“Old photos, especially photos that show the daily lives of people at the beginning of the last century, fascinate me,” she says. “The saga of the Icelandic people is quite amazing. It was so very difficult to survive here on this rocky Iceland in the north.”

If you’re as charmed as I am by this book, be sure to check out the other book that Gunnella illustrated for Bruce McMillan, How the Ladies Stopped the Wind.

Gunnella’s  website is a veritable garden of artwork, not to be missed (she even has an entire page devoted to art inspired by her garden).

“Today, I’m painting pictures from the photo-album of my mind, pictures that I have collected from my memories of people, especially of my grandmother, who lived in the north of the country. She lived in a town called Siglufjörður. I paint her and her house and the surroundings,” Gunnella explains. “I’ve been told that my paintings show that women can do whatever they want. I like that.”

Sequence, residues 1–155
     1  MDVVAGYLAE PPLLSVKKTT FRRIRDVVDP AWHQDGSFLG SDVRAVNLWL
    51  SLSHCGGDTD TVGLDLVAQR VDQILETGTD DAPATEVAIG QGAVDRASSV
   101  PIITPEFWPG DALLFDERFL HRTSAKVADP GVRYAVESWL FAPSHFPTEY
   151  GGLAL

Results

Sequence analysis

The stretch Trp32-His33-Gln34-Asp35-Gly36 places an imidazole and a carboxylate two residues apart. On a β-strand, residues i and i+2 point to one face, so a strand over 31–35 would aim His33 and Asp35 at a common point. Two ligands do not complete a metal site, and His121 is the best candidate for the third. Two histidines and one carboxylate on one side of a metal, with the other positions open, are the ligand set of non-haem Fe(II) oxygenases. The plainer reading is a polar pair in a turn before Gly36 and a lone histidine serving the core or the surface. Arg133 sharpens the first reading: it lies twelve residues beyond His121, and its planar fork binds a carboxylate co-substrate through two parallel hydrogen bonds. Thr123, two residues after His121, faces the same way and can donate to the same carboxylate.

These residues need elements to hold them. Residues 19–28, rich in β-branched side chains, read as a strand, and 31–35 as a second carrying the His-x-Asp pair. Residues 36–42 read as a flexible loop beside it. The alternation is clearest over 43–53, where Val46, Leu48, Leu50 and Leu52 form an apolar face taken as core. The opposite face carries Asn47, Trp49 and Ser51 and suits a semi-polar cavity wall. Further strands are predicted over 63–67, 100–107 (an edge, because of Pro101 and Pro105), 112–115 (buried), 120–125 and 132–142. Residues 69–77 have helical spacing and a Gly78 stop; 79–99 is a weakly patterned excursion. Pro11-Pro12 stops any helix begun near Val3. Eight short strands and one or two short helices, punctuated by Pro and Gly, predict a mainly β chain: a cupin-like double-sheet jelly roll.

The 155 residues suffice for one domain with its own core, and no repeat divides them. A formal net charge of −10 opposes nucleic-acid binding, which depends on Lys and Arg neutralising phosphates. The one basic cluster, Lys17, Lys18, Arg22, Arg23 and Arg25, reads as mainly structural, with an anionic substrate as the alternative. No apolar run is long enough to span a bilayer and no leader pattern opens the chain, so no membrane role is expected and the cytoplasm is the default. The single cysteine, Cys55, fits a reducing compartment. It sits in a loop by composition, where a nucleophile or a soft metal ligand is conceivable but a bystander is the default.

Njóta!

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Reading

If handwriting often trumps typing (and research says it’s so) …

Photo by Unsplash.com via Pexels.com

… then it comes as no surprise that there are perks to reading printed paper instead of plasma screens.

Want proof?

Check it out:

  • University of Norway researcher Anne Mangen determined that people retain plot elements better when they read in print than on a Kindle.
  • San Jose State University researcher Ziming Liu found that screen reading encourages browsing and scanning rather than the “deep reading” associated with printed pages.

“We need to understand the value of what we may be losing when we skim text so rapidly that we skip the precious milliseconds of deep reading processes,” contends Maryanne Wolf, Director of the Tufts University Center for Reading and Language Research. “For it is within these moments—and these processes in our brains—that we might reach our own important insights and breakthroughs. They might not happen if we’ve skipped on to the next text bite.”

With that in mind, why not put your screen to sleep now and snuggle deeply into the pages of MaryJanesFarm?